Third, NO-GC is present in the smooth muscle, ICC and PDGFRα+ fibroblast-like cells and abundance of NO-GC does not correlate with greater function. PDGFRα+ fibroblast-like cells have the highest concentration of NO-GC, yet they do not participate in NMT (Cobine et al. 2014; Lies et al. 2014a).

Forth, several studies have reported that nitrergic inhibitory junction potential (IJP) and smooth muscle relaxation are preserved in ICC-IM-deficient W/Wv mice and Ws/Ws rats (Sivarao et al., 2001, 2008; Huizinga et al. 2008; Zhang et al. 2010). Most recently, Sanders and colleagues (2014b) suggested that the discrepant results may be due to an incomplete loss of ICC in the interrogated tissues. They reported that complete absence of ICC-IM was required for a loss of nitrergic relaxation. However, in the absence of ICC-IM, there is no barrier between neurally released neurotransmitter and SMCs, leaving direct NMT intact (Bhetwal et al. 2013; Klein et al. 2013). Therefore, the report of loss of nitrergic neurotransmission in the absence of ICC in W/Wv mice (Sanders 2014b) is difficult to reconcile.

Evidence against a mandatory role of the ICC cholinergic NMT is the failure to reproduce the reported loss of cholinergic NMT in W/Wv mice (Ward et al. 2000; Zhang et al. 2011; Bhetwal 2013; Goyal 2013).

Optional role of ICC-IM: direct or indirect NMT

Klein et al. (2013) reported that ‘ICC-specific’ deletion of protein kinase G1 (Prkg1) abolished nitrergic NMT, but deletion of ICC left nitrergic neurotransmission intact. To explain these paradoxical findings the authors made an intriguing proposal, that when present ICC-IM are involved in NMT, but when ICC-IM is absent, direct NMT takes place. This model was based on the presence of assumed true neuro-ICC-IM synapses that can restrict the accessibility of the released nitric oxide (NO) to the smooth muscle (Beckett et al. 2005). However, no true synapses have been identified between ICC and smooth muscles (Komuro 2012; Goyal & Chaudhury 2013). Moreover, NO is a highly diffusible gas (diffusion constant 3300 μ2 s−1) (Lancaster 1997). Therefore, ICC-IM cannot restrict it to having effects on adjacent smooth muscles. A similar unsubstantiated model was used to explain the persistence of cholinergic responses in W/Wv mice (Bhetwal et al. 2013; Goyal 2013).

Complementary role of ICC-IM: direct and indirect NMT

For nitrergic NMT, Groneberg and colleagues (2013) reported that cell-specific knockdown of NO-GC in SMCs or ICC did not affect nitrergic relaxation. However, double knockdown of NO-GC in both SMCs and ICC abolished nitrergic NMT (Groneberg et al. 2013). Other studies have reported that incomplete deletion of NO-GC in ICC results in a dominant loss of nitrergic relaxation (Lies et al. 2014b; Groneberg et al. 2015). Moreover, Klein et al. 2013 has reported that partial deletion of Prkg1 abolishes nitrergic NMT, but partial deletion of ICC does not (Klein et al. 2013). It is not clear why incomplete deletion of NO-GC has a more profound effect on nitrergic NMT than incomplete deletion of ICC. It is possible that cKIT-CreERT2 mutants may also affect NO-GC in smooth muscles. Validation studies using immunohistochemistry are not sensitive enough to reveal changes in NO-GC in smooth muscles (Groneberg et al. 2015). Finally, a complementary role of ICC in NMT is difficult to comprehend in the absence of a functional gap junction that can transmit signals from the ICC to SMC (Sibave et al. 2006; Daniel et al. 2007). A complementary role of cholinergic NMT is also speculated but without any experimental data to support it (Groneberg et al. 2015).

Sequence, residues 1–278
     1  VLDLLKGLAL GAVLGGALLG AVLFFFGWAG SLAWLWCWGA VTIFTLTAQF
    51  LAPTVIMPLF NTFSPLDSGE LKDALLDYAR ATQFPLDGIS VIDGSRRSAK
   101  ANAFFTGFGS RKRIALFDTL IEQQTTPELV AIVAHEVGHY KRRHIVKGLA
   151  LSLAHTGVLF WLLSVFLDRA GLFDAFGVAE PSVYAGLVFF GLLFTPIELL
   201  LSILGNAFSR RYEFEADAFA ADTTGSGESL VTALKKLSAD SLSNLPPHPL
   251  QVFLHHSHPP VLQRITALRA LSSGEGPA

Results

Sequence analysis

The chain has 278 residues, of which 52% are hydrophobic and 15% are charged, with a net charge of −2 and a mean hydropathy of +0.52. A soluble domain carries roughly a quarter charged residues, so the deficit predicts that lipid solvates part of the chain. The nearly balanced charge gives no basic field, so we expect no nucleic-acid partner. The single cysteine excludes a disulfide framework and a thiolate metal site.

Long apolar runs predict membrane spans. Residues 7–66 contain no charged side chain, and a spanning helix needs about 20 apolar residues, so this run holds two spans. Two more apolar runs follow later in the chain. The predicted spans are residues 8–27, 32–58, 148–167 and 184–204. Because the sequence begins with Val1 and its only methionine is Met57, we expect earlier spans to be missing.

Conclusion

Overall, available evidence is most consistent with the traditional model of direct NMT without the involvement of ICC-IM. Parallel neuro-ICC and neuro-SM transmissions may independently regulate the functions of the ICC-IM and SMCs, respectively. There is little evidence for an obligatory or optional involvement of ICC-IM in NMT. A complementary role and physiological importance of ICC-IM in nitrergic NMT remain speculative. Moreover, it is unlikely that ICC-IM would only be involved in nitrergic NMT while a variety of other neurotransmitters will use direct NMT.

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Additional information

Competing interests

None declared.

Biography

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    Raj K. Goyal, MD is Mallinckrodt Professor of Medicine at Harvard Medical School, Boston. He has served as Chief of Gastroenterology at Beth Israel Hospital, Boston and then as Associate Chief of Research and Development at Boston VA Medical Center, Boston where he is currently serving as Staff Physician. He is a former Editor-in-Chief, Gastroenterology. He has been studying physiology and pathophysiology of oesophageal and gastric motility. He has elucidated the nature of enteric neuromuscular transmission, particularly the role of intracellular myosin motors in neurotransmission and models of achalasia and diabetic gastroparesis.